McNamee, federal authorities, reporter trying to bury Roger Clemens


Given that the Roger Clemens case is one in which a syringe-hording drug dealer who once lied to the police about an alleged sexual assault is accusing a philanderer with anger-management issues of illegal drug use, we probably shouldn’t be surprised when things get even more seedy. But they have gotten more seedy: McNamee now says that Clemens used his charity foundation to pay for his performance enhancing drugs.

That’s interesting and all, but I find the context and the reportage of this story far more interesting. For example, despite the big headline — “Clemens’ Foundation Comes Under Scrutiny” — the fact that McNamee could produce no documentary proof of his allegation when asked to by investigators is not mentioned until the seventh paragraph. Given that McNamee is a guy who actually wrote a 100% fraudulent editorial in the New York Times defending Clemens against drug use several years ago, I am shocked that the Times would bury this little fact as deeply as they do. The Times has first hand experience being burned by McNamee’s lack of credibility, and yet they are not at all critical of this allegation.

It’s also worth noting that the anonymous source of this story is almost certainly a federal agent or attorney (i.e. a person “briefed on the investigation” who can’t be seen as the one revealing the information).  In light of the fact that Clemens can be convicted of perjury based merely on proof of drug use irrespective of the source of payment, what’s the purpose of this new information being leaked? To make Clemens look like a bad, bad man who would use a children’s charity to pay for dirty, dirty steroids. Or at least it would if there was actually any evidence that he did so, which there appears to be none.

I’m not exactly Roger Clemens’ biggest fan, and I think there’s a pretty decent chance his butt is going to be in a sling over his Congressional testimony and probably should be, but this story strikes me as a hit job. McNamee is offering unsubstantiated garbage to the feds, the feds are leaking it to the press in order to make Clemens look like more of a slimeball than he is, and the reporter is, at best, being far too credulous in passing it all along.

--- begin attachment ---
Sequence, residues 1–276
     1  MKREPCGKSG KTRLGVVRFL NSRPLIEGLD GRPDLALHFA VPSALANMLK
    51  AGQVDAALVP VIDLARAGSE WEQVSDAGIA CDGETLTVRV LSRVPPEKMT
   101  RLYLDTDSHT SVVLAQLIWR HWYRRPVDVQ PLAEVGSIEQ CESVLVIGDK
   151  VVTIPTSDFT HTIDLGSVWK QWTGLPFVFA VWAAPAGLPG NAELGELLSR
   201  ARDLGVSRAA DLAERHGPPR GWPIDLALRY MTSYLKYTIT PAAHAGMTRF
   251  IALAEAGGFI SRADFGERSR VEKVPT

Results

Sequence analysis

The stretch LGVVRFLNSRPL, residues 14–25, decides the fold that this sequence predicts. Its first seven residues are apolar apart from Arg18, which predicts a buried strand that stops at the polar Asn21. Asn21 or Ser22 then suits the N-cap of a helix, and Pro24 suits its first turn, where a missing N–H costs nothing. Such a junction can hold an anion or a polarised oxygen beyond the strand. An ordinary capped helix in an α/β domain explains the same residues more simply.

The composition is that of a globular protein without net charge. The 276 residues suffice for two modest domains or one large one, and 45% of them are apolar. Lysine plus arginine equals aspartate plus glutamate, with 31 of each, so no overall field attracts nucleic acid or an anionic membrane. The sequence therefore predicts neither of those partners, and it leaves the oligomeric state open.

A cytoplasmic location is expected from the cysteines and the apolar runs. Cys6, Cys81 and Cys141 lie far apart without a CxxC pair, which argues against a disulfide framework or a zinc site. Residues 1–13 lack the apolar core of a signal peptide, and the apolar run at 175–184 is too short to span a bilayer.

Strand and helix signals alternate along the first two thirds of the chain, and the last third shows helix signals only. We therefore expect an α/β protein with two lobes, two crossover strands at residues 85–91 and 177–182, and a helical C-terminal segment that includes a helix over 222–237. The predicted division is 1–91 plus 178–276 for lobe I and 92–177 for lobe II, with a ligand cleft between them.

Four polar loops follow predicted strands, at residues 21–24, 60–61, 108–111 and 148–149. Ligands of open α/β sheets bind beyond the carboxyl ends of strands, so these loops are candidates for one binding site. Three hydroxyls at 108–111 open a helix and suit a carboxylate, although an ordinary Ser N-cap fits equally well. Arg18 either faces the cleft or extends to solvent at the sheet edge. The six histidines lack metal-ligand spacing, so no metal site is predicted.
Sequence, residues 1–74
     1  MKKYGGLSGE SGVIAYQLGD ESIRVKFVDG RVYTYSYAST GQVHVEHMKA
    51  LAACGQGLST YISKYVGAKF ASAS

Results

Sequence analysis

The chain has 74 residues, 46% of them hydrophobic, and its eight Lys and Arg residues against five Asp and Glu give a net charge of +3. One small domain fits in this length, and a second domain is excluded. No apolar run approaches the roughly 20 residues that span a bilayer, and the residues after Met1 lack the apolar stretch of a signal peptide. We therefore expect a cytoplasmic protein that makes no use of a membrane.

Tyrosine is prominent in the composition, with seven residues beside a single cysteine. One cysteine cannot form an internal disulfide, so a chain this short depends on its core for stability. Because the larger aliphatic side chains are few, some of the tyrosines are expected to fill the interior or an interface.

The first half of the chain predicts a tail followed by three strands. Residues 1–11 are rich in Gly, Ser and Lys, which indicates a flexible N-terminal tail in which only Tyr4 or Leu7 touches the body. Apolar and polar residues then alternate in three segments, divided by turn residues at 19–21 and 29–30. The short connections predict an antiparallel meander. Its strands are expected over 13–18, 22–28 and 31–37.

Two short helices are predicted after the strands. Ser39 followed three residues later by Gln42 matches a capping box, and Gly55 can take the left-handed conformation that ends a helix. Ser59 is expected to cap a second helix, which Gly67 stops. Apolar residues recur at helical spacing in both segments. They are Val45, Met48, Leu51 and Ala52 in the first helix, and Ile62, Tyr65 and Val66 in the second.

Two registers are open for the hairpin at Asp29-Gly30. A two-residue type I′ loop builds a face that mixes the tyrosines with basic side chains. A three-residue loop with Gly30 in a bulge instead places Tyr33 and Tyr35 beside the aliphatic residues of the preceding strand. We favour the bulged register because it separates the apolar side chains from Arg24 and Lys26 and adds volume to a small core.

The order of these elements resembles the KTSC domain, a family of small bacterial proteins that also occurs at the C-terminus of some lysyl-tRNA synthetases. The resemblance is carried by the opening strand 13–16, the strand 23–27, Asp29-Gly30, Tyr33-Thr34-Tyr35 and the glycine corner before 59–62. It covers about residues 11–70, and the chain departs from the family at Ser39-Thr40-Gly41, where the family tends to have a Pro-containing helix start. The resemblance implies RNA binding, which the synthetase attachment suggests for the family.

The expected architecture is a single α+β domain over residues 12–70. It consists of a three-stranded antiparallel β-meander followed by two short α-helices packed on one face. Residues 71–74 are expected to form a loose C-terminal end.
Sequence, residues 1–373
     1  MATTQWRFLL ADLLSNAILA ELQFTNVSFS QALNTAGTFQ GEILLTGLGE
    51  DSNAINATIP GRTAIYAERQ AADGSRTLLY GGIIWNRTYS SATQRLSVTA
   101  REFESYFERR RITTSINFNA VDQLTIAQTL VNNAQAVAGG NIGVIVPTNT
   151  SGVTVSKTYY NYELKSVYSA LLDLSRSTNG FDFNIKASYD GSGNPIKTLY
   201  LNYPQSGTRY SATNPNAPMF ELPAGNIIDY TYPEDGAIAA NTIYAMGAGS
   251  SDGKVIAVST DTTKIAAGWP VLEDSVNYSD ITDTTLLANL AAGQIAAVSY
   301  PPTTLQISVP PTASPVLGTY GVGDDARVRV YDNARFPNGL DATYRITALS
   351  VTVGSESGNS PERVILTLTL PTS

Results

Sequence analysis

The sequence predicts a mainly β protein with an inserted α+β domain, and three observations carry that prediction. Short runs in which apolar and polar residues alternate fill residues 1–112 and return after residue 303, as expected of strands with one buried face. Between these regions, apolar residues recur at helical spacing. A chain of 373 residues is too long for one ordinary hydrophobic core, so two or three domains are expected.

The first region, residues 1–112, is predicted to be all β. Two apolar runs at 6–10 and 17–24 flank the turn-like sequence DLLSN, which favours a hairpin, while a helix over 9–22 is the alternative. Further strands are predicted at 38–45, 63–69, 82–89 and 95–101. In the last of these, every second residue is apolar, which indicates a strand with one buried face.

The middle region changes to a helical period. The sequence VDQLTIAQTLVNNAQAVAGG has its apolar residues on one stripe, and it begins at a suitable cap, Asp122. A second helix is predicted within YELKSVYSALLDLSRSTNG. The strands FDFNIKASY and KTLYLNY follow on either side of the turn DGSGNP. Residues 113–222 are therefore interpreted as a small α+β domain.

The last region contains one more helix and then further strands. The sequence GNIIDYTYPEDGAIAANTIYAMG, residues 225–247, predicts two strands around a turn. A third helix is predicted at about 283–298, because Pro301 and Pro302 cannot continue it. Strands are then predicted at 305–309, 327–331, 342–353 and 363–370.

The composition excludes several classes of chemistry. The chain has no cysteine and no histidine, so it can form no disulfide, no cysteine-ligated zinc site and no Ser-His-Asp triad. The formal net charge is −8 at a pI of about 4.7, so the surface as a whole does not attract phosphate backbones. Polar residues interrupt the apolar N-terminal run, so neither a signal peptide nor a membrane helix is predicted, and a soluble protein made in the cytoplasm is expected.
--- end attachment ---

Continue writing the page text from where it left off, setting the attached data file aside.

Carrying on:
At the risk of hyperbole, allow me to say that I can’t point to a single person involved with this investigation who has behaved decently.

MLB games were six minutes shorter this year

Pitch Clock
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According to STATS, INC., the average game in 2015 was 2 hours, 56 minutes. That’s six minutes faster than games in 2014.

The gains came in the first half, when games averaged 2:53. Second half games averaged three hours even. One can probably thank the expanded rosters in September for that, as games then see many more pitching changes. Of course, it’s likely that second half games were faster in 2015 than 2014 as well given the rules changes.

Those changes: agreement to enforce the rule requiring a hitter to keep at least one foot in the batter’s box and the installation of clocks timing pitching changes and between-inning breaks in ever ballpark.

It remains to be seen if MLB stays satisfied with that modest improvement or if chooses to go the way Triple-A and Double-A leagues did. They installed 20-second pitch clocks and started penalizing violators with balls and strikes. Triple-A’s two leagues, the International and Pacific Leagues, saw game-time decreases by 13 and 16 minutes, respectively.

Billy Beane promoted to VP, David Forst named A’s general manager

billy beane getty

I’m so old I remember when general managers used to run baseball operations departments. Now they’re basically assistants.

The latest example: the Oakland Athletics have promoted Billy Beane to vice president of baseball operations and have named David Forst general manager. Forst has been with the A’s for 16 years and has been Beane’s assistant for 12 years, so it’s not exactly a situation in which Forst will be making the final calls. The official move came today, though the move has been in the works for some time, it seems.

Someone with a lot of good front office access is going to write a good story this winter about the title inflation going on in Major League Baseball over the past year. And it’s gonna be great when one of his or her sources breaks the pattern of saying “well, baseball transactions are so much more complex these days . . . ” and admits “hey, if Theo gets a fancy title and La Russa gets a fancy title I WANT A FANCY TITLE TOO.”

Not that it’s much of a secret as it is.